We speak to Francisco Senso, Teacher Trainer in Lima, Peru.
“The motivation [to take the CELTA] was partly a career change and partly the ‘luxury’ of getting to know different places and cultures while working.”
Francisco Senso took the CELTA in 2001, and has since travelled across the globe teaching English. Amazing places that he has taught include China, Morocco and Tanzania! He has been working as a Teacher Trainer since 2011, originally working in Spain, and has now travelled to the stunning city of Lima in Peru to be the CELTA main course tutor. Lima is known for its colonial facades, breathtaking mixture of city and coastline and of course, food to die for. We speak to Francisco about his TEFL experiences, CELTA advice and the best times to apply for jobs in backpacker heaven, Peru!
You first took the CELTA in 2001 in London. How do you think the course equipped you for a career in English language teaching?
Having walked into the CELTA course with no previous teaching experience, this equipped me with the basic teaching skills to improve over years of teaching practice to come. As with most newly qualified teachers, this represented a threshold stage.
Have you always known you wanted to be an EFL teacher? What motivated you to follow this path?
“The motivation was partly a career change”
To be honest, I had never considered it until I heard of CELTA and I decided to give it a try. The motivation was partly a career change and partly the ‘luxury’ of getting to know different places and cultures while working.
You’ve worked in many places across the world, including China, Spain, Morocco, Tanzania and Peru. What were some of your favourite teaching experiences?
My favourite teaching experience is definitely the various learning opportunities provided by students and trainees, with Young Learners being the most enriching one.
Interested in teaching Young Learners? See ELTcampus’ online course here.
What drove you to take a PCGE? Not all language teachers take this route?
“The motivation is to complete this MA programme so that this can open doors professionally.”
This qualification is a PGCE in TESOL and it is part of an MA TESOL which I am about to complete. The motivation is to complete this MA programme so that this can open doors professionally.
When did you decide that you would like to become a teacher trainer? How did you go about this?
Years after the completion of my DipTESOL, the opportunity to get involved in teacher training arose. Since this was on a full-time basis, it was a chance to bring some variety to previous years of academic management work and one of the most rewarding ELT experiences so far.
You’ve acted as a Main Course Tutor in Spain and Peru, what are your favourite parts of the job?
The most enjoyable parts of working as a Main Course Tutor are helping new Assistant Course Tutors develop as teacher trainers, and seeing trainees gradually become equipped with the teaching skills they will need during their post-CELTA lives.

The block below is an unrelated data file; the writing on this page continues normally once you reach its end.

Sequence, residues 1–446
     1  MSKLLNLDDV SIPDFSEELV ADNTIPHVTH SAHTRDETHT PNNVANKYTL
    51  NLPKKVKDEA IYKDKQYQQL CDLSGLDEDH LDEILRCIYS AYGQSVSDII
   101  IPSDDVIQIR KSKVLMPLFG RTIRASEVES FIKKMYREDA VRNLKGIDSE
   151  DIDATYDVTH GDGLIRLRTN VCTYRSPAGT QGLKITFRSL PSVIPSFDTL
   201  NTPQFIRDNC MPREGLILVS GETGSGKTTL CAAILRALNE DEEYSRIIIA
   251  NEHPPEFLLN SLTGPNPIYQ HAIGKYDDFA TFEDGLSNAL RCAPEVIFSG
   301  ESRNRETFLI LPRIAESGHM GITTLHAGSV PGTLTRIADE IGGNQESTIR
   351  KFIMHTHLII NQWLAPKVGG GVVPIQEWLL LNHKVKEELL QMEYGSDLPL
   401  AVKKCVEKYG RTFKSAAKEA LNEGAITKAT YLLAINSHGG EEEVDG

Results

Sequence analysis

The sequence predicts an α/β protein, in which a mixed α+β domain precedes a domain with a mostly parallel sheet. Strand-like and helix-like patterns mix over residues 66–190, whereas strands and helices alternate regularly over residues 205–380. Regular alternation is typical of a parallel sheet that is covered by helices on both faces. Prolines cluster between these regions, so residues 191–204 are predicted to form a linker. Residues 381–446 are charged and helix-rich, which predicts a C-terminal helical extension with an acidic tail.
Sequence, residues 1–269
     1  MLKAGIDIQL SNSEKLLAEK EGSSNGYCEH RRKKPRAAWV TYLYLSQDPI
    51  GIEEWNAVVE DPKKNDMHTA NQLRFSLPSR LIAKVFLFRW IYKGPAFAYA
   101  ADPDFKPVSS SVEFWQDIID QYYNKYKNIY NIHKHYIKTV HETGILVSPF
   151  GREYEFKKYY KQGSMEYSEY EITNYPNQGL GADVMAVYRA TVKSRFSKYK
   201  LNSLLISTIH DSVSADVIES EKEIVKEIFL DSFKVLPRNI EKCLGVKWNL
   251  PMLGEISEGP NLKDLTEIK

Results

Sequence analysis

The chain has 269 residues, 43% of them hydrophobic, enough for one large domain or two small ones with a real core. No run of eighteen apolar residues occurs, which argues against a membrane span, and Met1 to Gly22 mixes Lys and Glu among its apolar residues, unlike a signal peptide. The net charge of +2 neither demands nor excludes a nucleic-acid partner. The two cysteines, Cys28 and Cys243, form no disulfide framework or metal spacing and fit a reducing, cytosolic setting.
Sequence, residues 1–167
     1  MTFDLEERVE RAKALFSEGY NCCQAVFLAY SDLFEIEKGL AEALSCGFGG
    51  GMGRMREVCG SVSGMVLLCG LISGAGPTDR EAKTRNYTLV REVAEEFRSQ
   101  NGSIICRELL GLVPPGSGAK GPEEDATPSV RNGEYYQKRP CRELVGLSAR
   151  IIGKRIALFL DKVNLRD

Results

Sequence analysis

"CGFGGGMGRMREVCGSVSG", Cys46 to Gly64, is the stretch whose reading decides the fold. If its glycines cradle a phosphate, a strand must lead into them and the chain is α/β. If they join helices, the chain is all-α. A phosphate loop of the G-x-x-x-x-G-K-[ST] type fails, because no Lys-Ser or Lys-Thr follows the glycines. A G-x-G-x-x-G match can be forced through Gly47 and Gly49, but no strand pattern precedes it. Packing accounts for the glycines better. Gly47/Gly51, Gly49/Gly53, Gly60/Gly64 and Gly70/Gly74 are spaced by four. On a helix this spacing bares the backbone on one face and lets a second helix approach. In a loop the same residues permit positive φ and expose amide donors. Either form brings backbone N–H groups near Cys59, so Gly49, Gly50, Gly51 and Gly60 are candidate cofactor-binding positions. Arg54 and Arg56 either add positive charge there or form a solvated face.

What brought you to live in Lima permanently after all your travels?
As with all previous positions, the job itself has been the reason behind coming to Lima. Although not permanently living in Lima, this is an option. A new destination is also a possibility.
What are your favourite things to do in your spare time in Peru?
“My favourite pastime in Lima is enjoying Peru’s cuisine and the varied dishes it has to offer.”
After only a year here, and not having had the chance to travel around the country yet, my favourite pastime in Lima is enjoying Peru’s cuisine and the varied dishes it has to offer.
What local tips do you have for those taking the CELTA in Lima?
Our CELTA courses incorporate sufficient study times to help trainees deal with the intensity of the programme. It is always advisable to make good use of these to complete any necessary work and/or organise themselves and their workload.
Finding a place to stay in Miraflores means that trainees will be at walking distance from the teaching centre and can also enjoy the various services this trendy district has to offer.
How would you recommend people deal with the intensity of the full time CELTA?
“Trainees who manage their time effectively by organising their week’s work in advance, tend to better cope”
This usually depends on each individual trainee and her/his preferred ways of working. In general, however, trainees who manage their time effectively by organising their week’s work in advance, tend to better cope with the intensity of a full-time programme. More often than not, this does also have a positive effect on their overall performance.
How easy it is to find work in Peru, post-CELTA?
The demand for English language learning in Lima and Peru is big, and it is on the growth. There are plenty of language schools in Lima itself and, provided teachers have a relevant qualification like CELTA, it usually takes a matter of weeks to find a job.
What are the peaking hiring periods?
Language school hire teachers based on demand and this takes place year round. However, it may be worth considering that the academic year runs from March to December. This should be useful if looking for jobs in primary/secondary schools and/or universities as well as in language schools.
What’s next for you professionally?
“Being involved in materials design would also be a possibility”
The obvious next step would be to train to deliver DELTA programmes. Out of my own interest, being involved in materials design would also be a possibility.
For more information about Lima, you can see the Lonely Planet guide.
Want to see what our previous Lima CELTA graduates think? See their reviews here.